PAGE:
He was elected FRAS (Fellow of the Royal Astronomical Society) in 1922. After the Second World War he was appointed Professor and Head of the Department of History and Philosophy of Science at University College London, a post he held for nine years until his retirement in 1955. From 1951 to 1953 he was President of the Royal Astronomical Society. He was one of the founders of the British Society for the History of Science and served as its President from 1955 to 1957.
He is the author of many scientific publications, including the following textbooks:
- Relativity for All (1922)
- Modern astrophysics (1924)
- Science and Human experience (1931)
- Through Science to Philosophy (1937)
- Science at the Crossroads (1972)
In his textbook Science at the Crossroads (1972) a refutation of Einstein's special theory of relativity is published. In the introduction of his book, Dingle gives the following warning:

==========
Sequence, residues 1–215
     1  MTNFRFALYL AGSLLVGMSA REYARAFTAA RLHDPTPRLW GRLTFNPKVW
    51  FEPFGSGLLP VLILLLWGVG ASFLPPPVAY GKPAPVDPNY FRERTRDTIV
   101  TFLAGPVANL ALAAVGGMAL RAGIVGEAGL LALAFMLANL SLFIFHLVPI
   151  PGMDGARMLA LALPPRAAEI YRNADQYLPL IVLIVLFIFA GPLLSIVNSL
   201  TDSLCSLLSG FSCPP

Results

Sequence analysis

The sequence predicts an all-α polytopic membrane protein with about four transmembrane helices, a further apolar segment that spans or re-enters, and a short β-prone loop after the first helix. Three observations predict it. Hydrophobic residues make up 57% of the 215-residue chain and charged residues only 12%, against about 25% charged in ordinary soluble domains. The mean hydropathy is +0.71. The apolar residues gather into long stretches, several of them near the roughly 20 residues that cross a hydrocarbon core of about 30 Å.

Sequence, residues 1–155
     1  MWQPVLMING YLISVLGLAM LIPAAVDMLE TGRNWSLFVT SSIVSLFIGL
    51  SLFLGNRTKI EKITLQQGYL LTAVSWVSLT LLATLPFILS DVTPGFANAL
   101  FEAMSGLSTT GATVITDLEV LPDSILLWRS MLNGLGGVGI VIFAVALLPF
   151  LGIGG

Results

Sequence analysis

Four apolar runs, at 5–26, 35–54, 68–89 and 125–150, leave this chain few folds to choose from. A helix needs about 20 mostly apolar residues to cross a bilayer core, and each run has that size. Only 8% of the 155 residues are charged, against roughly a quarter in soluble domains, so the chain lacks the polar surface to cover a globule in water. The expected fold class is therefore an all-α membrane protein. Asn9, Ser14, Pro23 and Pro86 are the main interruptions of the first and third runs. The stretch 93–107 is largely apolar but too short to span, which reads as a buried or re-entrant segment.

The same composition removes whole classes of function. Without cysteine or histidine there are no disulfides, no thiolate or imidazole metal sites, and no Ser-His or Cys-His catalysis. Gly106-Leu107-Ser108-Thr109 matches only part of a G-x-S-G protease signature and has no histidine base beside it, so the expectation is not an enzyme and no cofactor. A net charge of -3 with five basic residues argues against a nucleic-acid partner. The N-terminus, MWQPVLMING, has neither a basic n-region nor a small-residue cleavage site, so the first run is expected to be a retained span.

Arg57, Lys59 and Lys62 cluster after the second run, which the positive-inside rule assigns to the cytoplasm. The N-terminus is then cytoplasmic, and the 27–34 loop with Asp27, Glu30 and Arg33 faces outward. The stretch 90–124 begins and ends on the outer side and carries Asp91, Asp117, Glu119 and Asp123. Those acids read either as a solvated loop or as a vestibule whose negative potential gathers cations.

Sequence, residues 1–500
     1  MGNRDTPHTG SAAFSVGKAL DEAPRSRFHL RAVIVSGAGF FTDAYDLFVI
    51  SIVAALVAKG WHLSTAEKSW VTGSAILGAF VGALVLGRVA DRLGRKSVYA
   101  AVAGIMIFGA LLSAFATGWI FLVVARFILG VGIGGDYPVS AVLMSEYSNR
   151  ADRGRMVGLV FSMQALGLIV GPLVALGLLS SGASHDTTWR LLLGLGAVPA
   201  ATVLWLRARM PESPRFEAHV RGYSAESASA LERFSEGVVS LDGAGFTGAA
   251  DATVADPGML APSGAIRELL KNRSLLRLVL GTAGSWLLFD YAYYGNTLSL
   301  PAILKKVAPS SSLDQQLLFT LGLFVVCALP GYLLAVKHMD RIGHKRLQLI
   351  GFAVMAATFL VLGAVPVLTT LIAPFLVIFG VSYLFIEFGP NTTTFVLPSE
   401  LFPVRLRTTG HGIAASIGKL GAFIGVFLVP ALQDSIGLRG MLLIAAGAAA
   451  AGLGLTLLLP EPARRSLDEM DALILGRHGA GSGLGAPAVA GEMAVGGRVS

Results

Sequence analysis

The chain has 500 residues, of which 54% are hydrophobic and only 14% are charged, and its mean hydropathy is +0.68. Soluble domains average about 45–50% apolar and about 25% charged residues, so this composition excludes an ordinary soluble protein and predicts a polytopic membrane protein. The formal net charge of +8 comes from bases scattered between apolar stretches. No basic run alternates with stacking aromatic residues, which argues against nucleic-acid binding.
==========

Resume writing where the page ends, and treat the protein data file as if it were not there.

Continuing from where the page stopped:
"Directly or indirectly - at present chiefly the latter, though none the less inseparably - special relativity is involved in all modern physical experiments, and these are known to be attended by such dangerous possibilities, should something go wrong with them, that the duty of ensuring as far as possible that this shall not happen is imperative. It is certain that, sooner or later, experiments based on false theories will have unexpected results, and these, in the experiments of the present day, may be harmless or incalculably disastrous. In these circumstances an inescapable obligation is laid on experimental physicists to subject their theories to the most stringent criticism. As this book will show, their general practice is to leave such criticism to mathematical theorists who either evade or ignore it, and the possible consequences are evident and unspeakably menacing."
In 1986, the Chernobyl disaster tragically confirmed the importance of Dingle's warning.
Whitrow, G. J. (1980) Obituary - Dingle, Herbert, ROYAL ASTRON. SOC. QUARTERLY JOURNAL V. 21, P. 333, 1980.
- Science At the Crossroads by Herbert Dingle. How Einstein ruined physics.